Defending women's reproductive rights, including abortion, is a core principle, and just as central is challenging men's claim to a right to buy and sell objectified female bodies for sexual pleasure. We must confront men who buy women for sex as we act in feminist solidarity with prostituted women (what liberals call "sex workers"), supporting programs that help women and vulnerable men exit the sexual-exploitation industries.

Men's claims to own or control women's sexuality are also at the heart of the oppression of lesbians (who dare to opt out of male dominance in intimate relationships) and gay men (who are targeted for their perceived threat to patriarchy's rigid sexual norms). Lesbian/gay liberation is inseparable from women's liberation.

Liberals and conservatives are all over the political map on racism and sexism, but consistently fail to face the depth of the depravity of white supremacy and patriarchy, or the degree to which those systems continue to define everyday life. Leftists strive to face these realities.
Realistic solutions

What kind of leftist am I? I don't call myself a Marxist, communist, socialist or anarchist, though all of those traditions offer insights along with lessons from their failures. I don't belong to what are called "left sectarian" organizations, which typically remain committed to 19th- or 20th-century doctrines and political figures (such as Marxist-Leninist or Maoist groups). I call myself an anti-capitalist and anti-imperialist leftist rooted in a critique of white supremacy and a radical feminist critique of patriarchy. Not the pithiest label, but accurate.

My left politics also focus on the human species' intensifying assault on the larger living world — multiple, cascading ecological crises that we can't afford to ignore. Modern humans' arrogance puts us all at risk. The naïve assumptions of the high-energy and high-technology industrial world — especially the idea that we can solve all problems with more energy-intensive technology — must be abandoned as we struggle to understand how many people can live sustainably on the planet.

There's not a widely used term for going beyond liberal environmentalism's half measures, but some people call it "ecospherism," the understanding that humans must find our place in the ecosphere rather than try to dominate. Ecospherists reject the idea that humans really "own" the Earth and fight to end the accompanying abuse and exploitation of land, water, air and other creatures.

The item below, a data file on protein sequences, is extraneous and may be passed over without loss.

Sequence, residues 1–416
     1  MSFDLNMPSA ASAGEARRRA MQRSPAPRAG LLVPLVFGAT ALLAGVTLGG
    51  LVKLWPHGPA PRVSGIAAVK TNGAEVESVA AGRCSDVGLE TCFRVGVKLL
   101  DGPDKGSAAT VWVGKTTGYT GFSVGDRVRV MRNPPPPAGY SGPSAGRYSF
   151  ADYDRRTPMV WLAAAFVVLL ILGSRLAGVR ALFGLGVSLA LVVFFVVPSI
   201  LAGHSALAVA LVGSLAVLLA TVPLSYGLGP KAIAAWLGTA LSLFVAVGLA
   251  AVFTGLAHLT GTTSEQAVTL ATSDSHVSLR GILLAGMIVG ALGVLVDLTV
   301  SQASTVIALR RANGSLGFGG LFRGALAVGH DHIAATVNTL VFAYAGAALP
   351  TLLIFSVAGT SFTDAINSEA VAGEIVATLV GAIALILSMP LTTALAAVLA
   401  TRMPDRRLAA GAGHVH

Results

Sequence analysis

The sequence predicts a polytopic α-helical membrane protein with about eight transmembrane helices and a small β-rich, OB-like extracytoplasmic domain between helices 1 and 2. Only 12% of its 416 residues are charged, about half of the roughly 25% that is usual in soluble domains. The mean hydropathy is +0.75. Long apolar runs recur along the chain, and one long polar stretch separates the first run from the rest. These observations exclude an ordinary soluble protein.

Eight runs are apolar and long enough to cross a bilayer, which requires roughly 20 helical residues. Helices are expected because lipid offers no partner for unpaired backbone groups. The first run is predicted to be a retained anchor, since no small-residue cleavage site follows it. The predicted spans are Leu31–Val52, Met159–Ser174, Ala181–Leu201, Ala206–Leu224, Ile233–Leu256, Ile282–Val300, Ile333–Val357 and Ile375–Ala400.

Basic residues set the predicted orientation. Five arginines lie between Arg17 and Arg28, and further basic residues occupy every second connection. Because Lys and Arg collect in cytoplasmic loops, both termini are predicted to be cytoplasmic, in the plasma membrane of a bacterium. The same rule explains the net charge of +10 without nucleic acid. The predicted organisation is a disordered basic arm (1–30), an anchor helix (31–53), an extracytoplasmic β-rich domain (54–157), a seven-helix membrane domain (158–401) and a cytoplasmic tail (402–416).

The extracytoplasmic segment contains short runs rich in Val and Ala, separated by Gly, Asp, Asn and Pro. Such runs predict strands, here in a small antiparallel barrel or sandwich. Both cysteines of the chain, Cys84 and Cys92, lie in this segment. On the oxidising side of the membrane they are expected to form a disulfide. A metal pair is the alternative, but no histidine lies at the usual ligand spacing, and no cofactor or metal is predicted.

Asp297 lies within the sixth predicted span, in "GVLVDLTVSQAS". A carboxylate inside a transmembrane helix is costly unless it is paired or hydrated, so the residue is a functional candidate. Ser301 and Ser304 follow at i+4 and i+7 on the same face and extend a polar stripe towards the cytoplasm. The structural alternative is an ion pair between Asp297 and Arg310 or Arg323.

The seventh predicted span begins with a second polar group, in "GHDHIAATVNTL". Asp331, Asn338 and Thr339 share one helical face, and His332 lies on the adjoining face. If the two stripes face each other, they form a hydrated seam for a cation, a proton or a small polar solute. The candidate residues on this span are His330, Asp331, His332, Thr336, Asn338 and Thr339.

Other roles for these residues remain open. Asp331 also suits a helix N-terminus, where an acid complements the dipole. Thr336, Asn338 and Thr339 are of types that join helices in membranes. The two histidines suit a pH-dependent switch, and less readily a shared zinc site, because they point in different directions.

Liberals and conservatives typically ignore ecological realities, but so does much of the left. The overwhelming nature of the challenge scares many into silence, but problems ignored are not problems solved. For example, research on renewable energy is important, but no combination of so-called clean energy sources (and let's remember that wind turbines and solar panels are industrial products, which can't be manufactured cleanly) can power the affluence of the First World. The solution is dramatically lower levels of consumption in the developed world.

Many people in the U.S. disagree with this kind of left/radical feminist analysis. Many people have told me that these views make me unfit to teach at a state university. I welcome serious challenges, but left political positions are too often dismissed as crazy because that's the one thing both liberals and conservatives agree on.

The U.S. is a dramatically right-wing society when compared with other industrialized countries, illustrated by Bernie Sanders' 2016 campaign. He offered no foundational critique of U.S. systems, opting instead for a traditional social democratic platform to make our institutions more humane. Yet in America, such policy proposals were seen by many as revolutionary and Sanders was often dismissed as a wild-eyed radical.

In a recent call to action, Sanders supported a single-payer plan for health care and stated "our current economic model is a dismal failure," but he did not dare use the term capitalism or even hint at a deeper structural critique. His discussion of the ecological crises stopped with a weak call for renewable energy, and there was no mention of racism, sexism or U.S. foreign policy. I realize politicians shape rhetoric to win votes, but let's not pretend this is a left agenda.

(For the record, I'm not a Democrat, but I'm also not purist in electoral politics; I voted for Sanders in the Democratic primary and Hillary Clinton in the general election.)

Sanders' success suggests more people might support a candidate with an even deeper critique of illegitimate structures of authority. If in the short term the best we can hope for is reform of existing systems, we can pursue those reforms with an eye on more radical long-term goals.